Night and Low Light Photography
When you’re out shooting on a bright sunny day with ample light on the subject, it’s all heaven. But when the light turns–trouble starts to play! Learning to shoot in low light and night time can help you as a photographer, and help you push the boundaries of your creativity; while walking away with some brilliant images. Low light imaging is a very impressing creative aspect of photography but many photographers who are starting out face challenges shooting in the dark.
First of all what is low light? Don’t confuse low light with NO LIGHT! Low light is the situation in which the amount of light is lower than the normal or there is an ambiguity in light. For example a shot inside a room which is dimly lit, or a post sunset shot or a night landscape where there is very little light to work with.
Broadly speaking there are two types of scenarios that come to mind; one is the landscapes at night, and the other is night portraits (or low light people photography). Let’s start with shooting night landscapes, and I’ll do a separate post on shooting people at night – because that’s a while different kettle of fish!
Night-time landscape photography
In shooting a landscape like a cityscape or even an ambient street scene, the answer to low light is normally very rarely answered by on-camera flash (the flash that is built into your camera, or a strobe that you mount on the camera’s hot shoe). It will kill the ambiance and the feel/emotion of the subject. So, what do you do? Let’s work with an example:
1. Shoot in Manual Mode!
You need full control of your camera at night. Many cameras have the additional specific mode of Night scene / Low light but as it’s an automatic mode where the camera does the thinking for you, the result may differ every time. When you’re shooting in Manual you’ll know how to replicate the results every time. Also, if your camera supports it – shoot in RAW. This will give you the flexibility later on to be able to edit the image and pull up shadows and dark areas if you so choose.
2. Open up the aperture
Now that you’re in manual mode, you’re going to want to open up your camera’s aperture. Think of the aperture as a tiny hole within a camera’s lens that can open wider or contract and become smaller depending on how much light is needed. (As an aside, generally speaking lenses that allow MORE light in are more complicated, and therefore are those that camera manufacturers charge an arm and a leg for!). Ideally use a lens that opens up as much as possible – you want to set the aperture to a number as low as possible (f/1.4, f/1.8 …). Here’s an easy chart to understand how apertures work:
3. Great, you’re ready to go! Choose your shutter speed and ISO
The Shutter Speed is the duration for which the camera shutter is open while shooting an image. The lower the value, the shutter is open for a longer time and allows more light into the camera. Remember though, the longer the shutter the more the chances of getting a shaky image. Ideally, use a tripod. If you don’t have a tripod handy, try to get any support to stabilise your camera like a table, wall, anything that rigid. (Tip: rule of thumb for acceptable hand-held shutter speeds are typically the inverse of your lens’s focal length. 50mm = 1/50 min shutter speed, 200mm = 1/200 min shutter speed and so on…)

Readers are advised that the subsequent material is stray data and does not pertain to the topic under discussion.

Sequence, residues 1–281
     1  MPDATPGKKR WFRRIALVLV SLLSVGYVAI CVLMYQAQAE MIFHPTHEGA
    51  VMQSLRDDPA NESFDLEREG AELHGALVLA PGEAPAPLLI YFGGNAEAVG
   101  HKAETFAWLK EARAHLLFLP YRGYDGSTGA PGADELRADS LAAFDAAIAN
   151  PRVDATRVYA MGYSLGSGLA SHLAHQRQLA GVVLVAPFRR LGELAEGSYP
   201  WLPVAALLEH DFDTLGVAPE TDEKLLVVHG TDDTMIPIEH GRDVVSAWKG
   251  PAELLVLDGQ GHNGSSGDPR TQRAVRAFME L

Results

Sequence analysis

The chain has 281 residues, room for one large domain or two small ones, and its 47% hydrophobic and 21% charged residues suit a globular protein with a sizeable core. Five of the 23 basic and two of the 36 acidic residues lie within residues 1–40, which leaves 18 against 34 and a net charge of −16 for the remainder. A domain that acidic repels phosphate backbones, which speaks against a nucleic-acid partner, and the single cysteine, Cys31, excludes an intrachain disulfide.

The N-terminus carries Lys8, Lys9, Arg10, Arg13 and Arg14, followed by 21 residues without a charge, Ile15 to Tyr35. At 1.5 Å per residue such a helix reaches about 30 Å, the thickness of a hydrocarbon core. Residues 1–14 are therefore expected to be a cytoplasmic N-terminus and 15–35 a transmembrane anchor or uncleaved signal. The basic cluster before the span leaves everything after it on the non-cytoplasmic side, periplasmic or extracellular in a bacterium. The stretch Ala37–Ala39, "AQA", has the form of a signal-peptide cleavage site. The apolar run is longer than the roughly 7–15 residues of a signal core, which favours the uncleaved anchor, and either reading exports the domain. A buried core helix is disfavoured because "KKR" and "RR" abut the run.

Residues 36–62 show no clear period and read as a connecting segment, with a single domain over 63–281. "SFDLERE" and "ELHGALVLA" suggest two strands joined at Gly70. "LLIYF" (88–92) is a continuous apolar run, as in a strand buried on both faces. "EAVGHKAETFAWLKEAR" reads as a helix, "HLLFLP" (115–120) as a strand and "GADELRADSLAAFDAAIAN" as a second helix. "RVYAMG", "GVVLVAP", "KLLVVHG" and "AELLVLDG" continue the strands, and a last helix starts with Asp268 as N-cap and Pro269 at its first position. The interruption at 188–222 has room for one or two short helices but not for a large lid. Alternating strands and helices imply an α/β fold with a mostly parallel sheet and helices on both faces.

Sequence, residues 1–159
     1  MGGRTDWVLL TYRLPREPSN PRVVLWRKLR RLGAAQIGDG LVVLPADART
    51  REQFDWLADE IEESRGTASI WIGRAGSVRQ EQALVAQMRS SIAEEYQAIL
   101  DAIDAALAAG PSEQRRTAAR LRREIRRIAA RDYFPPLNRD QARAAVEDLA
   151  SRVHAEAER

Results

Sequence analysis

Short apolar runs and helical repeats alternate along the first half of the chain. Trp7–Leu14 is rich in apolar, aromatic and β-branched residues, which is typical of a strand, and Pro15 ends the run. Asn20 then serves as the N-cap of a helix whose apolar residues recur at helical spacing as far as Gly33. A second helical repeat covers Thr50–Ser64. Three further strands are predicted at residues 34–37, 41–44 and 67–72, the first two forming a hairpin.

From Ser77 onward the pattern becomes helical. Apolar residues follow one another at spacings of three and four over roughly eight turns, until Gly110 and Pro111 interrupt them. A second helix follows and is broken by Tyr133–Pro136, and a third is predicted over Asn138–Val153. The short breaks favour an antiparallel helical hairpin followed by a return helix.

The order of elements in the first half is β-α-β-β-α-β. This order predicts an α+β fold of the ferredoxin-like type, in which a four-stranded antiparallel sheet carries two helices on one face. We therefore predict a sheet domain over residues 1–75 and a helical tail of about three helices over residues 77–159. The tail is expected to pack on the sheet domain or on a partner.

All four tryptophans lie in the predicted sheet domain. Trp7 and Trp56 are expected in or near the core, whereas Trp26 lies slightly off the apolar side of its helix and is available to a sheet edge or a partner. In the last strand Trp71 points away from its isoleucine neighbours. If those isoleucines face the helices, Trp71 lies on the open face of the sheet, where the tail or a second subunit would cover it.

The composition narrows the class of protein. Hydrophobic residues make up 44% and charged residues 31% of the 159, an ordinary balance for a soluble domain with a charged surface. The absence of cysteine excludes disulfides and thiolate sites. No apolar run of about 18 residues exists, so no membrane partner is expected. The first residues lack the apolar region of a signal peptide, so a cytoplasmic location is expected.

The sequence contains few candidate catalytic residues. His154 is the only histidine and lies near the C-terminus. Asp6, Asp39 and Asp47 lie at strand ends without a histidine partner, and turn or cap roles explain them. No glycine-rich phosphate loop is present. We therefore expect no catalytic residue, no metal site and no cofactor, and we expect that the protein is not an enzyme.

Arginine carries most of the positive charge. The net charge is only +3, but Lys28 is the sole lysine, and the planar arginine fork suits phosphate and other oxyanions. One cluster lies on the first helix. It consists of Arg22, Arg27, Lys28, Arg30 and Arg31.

How to set a shutter speed
Here’s the tricky part: the shutter speed works in tandem with ISO. The ISO controls the sensitivity of the image sensor in your camera – the higher the ISO, the more light sensitive the sensor becomes. For instance, an ISO 100 value makes the sensor tolerate a lot of light coming in, and an ISO value of 6400 (or higher) gives your camera night vision!
“But Arjun, why can’t I crank up the ISO all the way up and shoot in absolute darkness?”
Aha! If only 🙂 The higher the ISO value, the more ugly noise you get in your photo (think of your mobile phone shots at night). Again, this is what professional photographers pay for when they buy high end cameras. A typical prosumer camera (like a Nikon D5000 etc.) will typically give you acceptable results till ISO 3200, and start getting worse from then on.
Putting it all together
Everyone has their own way of arriving at an optimal shutter speed – here’s how I do it:
- The ideal exposure is where you balance the little +/- indicator in your camera. If it’s right in the middle, you have the correct exposure. (I usually expose a little towards the + side)
- Let more light into the camera – open up your aperture
- Is my camera on a tripod? Oh great, I can decrease the shutter speed alllllll the way down. In this case, reduce ISO to a very acceptable 100 or 200 (least chance of getting noise).
- I don’t have a tripod? Darn. Increase ISO with an acceptable shutter speed, depending on how dark it is. Experiment by gradually increasing the ISO.
- Find a decent tradeoff between the ISO and shutter speed – and click away!
At the end of the day, always remember that rules are meant to be broken. Once you master the basics of manual control of your camera and shooting in the dark – you can then start experimenting with long exposures, star trails, making words out of thin air and light streaks! Have fun, and if you have any questions – ask away!
– In low light sometimes your camera won’t be able to autofocus and you won’t be able to make out anything while looking through the viewfinder. Either try and focus on something tangible (like a distant light source), or switch your camera to manual focus and focus at infinity.
– When shooting is a dimly lit room, you CAN use a flash – try bouncing it on the ceiling for nicely lit shots
– Planning a VERY long exposure? Set your camera on a self timer to prevent accidental camera shake when you press the shutter
Some nice examples of night time photography
Inspired? I hope so! Get cracking! Questions – ask away below.